We spoke with Michael Riherd, Managing Director – Investments and Financial Advisor at Wells Fargo Advisors, LLC in Walnut Creek, CA, to understand some of his best practices around increasing the overall growth of his business through referrals. With more than 40 years of combined financial services experience, The Riherd-West Financial Group of Wells Fargo Advisors offers a wide range of services to help investors reach their ultimate goal of financial independence.

Understanding Client Needs

At the start of the client relationship, we spend time getting to know our client, understanding interests, goals and concerns before drawing up an investment plan or recommending specific investments. We work closely with our client to see where they are today, where they want to be in five years, 10 years, 20 years, and all the years in between.

We understand the capital markets and global economic situation and how to cull that information into unique investment plans for each client's situation. Based on a mutually decided-upon plan, we are here to help engineer or maintain our clients' financial independence throughout their lifetime.

Growing the Business Through Referrals

Because we are fortunate enough to have been in this business for a couple of decades, we have an established client base, and therefore, the majority of our referrals come from our network of existing clients. And that's the best referral for which we can hope.

Our clients know what we stand for—so they can confidently talk about our practice, our services and our business proposition. We focus on satisfying our current clients, exceeding their expectations, and they will then be more likely to refer other investors like them.

Building Alliances and Influence

Another way we have built our business over the years has been by receiving referrals from intermediaries, such as CPAs, estate-planning attorneys and tax attorneys. While a very effective way of creating a client base, initially we found it difficult to gain the confidence of these intermediaries.

3 Tips to Gaining Confidence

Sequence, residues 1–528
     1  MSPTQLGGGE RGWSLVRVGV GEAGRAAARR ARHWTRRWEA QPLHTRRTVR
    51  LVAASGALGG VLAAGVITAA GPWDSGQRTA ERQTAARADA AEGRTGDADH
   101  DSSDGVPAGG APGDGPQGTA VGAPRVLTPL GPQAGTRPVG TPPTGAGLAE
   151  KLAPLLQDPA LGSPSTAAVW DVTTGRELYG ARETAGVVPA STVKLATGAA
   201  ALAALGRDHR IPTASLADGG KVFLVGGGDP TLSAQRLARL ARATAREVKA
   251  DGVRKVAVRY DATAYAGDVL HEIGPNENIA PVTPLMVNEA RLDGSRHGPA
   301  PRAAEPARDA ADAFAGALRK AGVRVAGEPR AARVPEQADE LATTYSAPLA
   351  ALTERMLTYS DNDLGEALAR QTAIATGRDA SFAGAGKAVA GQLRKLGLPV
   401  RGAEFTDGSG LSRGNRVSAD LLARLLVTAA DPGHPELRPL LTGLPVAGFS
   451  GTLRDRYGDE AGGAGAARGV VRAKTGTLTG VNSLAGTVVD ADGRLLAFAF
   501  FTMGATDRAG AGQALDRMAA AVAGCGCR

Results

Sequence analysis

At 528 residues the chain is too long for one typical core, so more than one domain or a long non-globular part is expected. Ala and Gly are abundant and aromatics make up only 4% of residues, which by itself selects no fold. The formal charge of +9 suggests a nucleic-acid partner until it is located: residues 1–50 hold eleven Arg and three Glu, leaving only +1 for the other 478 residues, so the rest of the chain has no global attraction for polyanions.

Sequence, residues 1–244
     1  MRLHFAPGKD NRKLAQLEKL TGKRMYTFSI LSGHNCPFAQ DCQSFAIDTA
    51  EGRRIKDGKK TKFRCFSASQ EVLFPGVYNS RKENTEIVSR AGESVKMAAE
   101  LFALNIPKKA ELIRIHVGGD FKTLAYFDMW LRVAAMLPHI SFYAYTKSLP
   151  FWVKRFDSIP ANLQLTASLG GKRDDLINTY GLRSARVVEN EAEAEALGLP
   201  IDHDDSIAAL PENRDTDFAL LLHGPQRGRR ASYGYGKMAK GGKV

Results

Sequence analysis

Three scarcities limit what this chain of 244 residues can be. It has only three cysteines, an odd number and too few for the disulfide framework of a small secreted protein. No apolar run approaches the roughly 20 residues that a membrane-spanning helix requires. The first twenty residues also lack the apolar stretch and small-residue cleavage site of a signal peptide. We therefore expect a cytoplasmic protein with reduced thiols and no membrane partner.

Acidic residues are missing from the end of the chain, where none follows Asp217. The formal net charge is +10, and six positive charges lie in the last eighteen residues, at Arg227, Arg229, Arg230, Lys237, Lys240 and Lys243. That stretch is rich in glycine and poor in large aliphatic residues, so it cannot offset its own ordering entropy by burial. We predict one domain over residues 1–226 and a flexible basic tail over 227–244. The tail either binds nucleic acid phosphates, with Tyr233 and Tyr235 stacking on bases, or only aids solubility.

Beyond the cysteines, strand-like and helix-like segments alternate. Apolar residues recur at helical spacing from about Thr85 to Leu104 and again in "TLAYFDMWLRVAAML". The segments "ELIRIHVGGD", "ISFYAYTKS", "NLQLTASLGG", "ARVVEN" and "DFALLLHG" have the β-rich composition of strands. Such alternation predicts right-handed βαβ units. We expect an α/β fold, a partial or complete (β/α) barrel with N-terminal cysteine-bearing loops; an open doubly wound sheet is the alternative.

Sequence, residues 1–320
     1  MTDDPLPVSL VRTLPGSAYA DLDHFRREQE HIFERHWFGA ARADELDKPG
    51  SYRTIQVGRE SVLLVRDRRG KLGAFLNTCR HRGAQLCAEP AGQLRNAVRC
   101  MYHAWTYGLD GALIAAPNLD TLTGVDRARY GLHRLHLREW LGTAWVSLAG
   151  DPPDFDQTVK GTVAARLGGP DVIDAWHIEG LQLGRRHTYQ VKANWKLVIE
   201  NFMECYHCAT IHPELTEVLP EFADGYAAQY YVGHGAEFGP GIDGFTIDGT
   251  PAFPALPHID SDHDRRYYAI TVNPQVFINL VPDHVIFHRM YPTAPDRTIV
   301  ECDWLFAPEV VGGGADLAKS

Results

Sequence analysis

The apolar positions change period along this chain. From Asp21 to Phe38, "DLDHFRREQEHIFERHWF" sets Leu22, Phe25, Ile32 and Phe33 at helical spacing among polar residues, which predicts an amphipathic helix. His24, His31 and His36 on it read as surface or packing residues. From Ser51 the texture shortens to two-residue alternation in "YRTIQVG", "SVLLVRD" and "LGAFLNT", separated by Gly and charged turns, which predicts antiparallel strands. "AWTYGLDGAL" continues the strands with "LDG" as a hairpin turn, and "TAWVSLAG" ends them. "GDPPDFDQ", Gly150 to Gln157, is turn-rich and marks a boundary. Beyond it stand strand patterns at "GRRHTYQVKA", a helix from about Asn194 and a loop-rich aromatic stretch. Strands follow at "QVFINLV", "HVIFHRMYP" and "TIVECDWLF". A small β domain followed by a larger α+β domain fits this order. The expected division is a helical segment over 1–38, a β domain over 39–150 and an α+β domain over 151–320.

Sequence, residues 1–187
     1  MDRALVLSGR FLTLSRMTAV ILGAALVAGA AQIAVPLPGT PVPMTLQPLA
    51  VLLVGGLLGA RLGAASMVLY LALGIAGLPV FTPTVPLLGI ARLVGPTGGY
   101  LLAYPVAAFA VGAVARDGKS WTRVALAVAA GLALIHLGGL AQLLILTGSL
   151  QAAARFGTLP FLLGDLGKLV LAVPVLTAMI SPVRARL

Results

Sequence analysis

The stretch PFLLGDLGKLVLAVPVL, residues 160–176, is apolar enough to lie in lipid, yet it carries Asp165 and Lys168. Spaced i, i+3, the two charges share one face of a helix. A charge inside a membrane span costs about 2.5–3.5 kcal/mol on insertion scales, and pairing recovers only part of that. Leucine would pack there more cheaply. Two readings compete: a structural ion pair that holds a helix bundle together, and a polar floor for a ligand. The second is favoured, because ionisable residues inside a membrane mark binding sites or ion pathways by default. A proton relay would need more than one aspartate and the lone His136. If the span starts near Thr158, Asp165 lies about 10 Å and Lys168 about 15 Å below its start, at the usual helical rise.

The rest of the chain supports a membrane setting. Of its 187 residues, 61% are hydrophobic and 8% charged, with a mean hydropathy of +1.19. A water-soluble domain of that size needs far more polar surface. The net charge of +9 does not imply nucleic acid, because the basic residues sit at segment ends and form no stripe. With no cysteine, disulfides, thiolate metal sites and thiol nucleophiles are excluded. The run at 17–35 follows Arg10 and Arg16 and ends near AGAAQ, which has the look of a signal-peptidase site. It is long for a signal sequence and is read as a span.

1. Take an educational approach. Position yourself as a consultant, so that you can provide research on the markets and teach other professionals about your business. For example, educate CPAs about the importance of bond duration versus bond maturity, or demonstrate your understanding of tax issues and accounting methods surrounding charitable remainder trusts.
  2. Be a partner more than a salesperson. Make yourself available to understand the intermediary's business and find ways that you can support the growth of their client relationships. The greatest success comes from creating more of a consultative relationship.
  3. Be consistent in your message. Reinforce your value and the resources of your firm. Share ideas on ways that your resources can support relationships. For example, at a recent event we invited 80 CPAs to hear our Wells Fargo Advisors strategist speak about the capital markets and the world today.

When we become that valued resource to a center of influence, we find that referrals come flowing into us.

    Identifying the Right Prospects

    We see a legitimate prospect as someone with a need—an addressable need. In the course of coming together with a prospect through an intermediary, that need has already been vetted. The intermediary has already identified that individual as needing you or someone like you and has said, "You need to speak to Mike because you need this."

    Time spent educating the intermediary on what clients need to know as they think about retirement, as an example, or educating them on our business and the capital markets, is far more valuable than cold calling and trying to select that one person out of a thousand who may have a need.

    Acknowledgement to Clients

    When we receive a referral from a client, we immediately look to set up a meeting as a first step. If the introduction is at a cocktail party and not appropriate to ask for a meeting there, we look for approval to call within the next day or so. Once we can get in front of each other, from there we can assess whether it's a legitimate prospect or not.

    We are honored by the trust our clients have placed in us to work for them and their friends and family. To show our appreciation for any client referrals, we always send a gift basket to acknowledge our gratefulness. We understand the trust that clients are placing in us and we take that trust very seriously.

    Our clients know what we stand for—so they can confidently talk about our practice, our services and our business proposition. We focus on satisfying our current clients, exceeding their expectations, and they will then be more likely to refer other investors like them.

    The information obtained from this research is derived from third-party sources deemed reliable, and is provided to you for educational purposes only. BlackRock cannot guarantee the completeness or accuracy of the information provided.

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